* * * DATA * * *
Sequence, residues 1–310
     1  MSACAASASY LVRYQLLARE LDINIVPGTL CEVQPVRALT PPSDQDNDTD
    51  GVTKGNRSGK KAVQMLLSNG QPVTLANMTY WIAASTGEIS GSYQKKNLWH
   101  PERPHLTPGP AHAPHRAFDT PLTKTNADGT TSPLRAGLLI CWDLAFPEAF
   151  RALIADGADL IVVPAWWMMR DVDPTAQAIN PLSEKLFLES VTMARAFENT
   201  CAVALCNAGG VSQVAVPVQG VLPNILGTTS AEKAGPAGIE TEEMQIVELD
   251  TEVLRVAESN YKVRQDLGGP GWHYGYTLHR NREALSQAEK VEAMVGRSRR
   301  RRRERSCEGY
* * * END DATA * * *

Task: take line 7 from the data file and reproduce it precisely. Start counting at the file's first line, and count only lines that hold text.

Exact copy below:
   251  TEVLRVAESN YKVRQDLGGP GWHYGYTLHR NREALSQAEK VEAMVGRSRR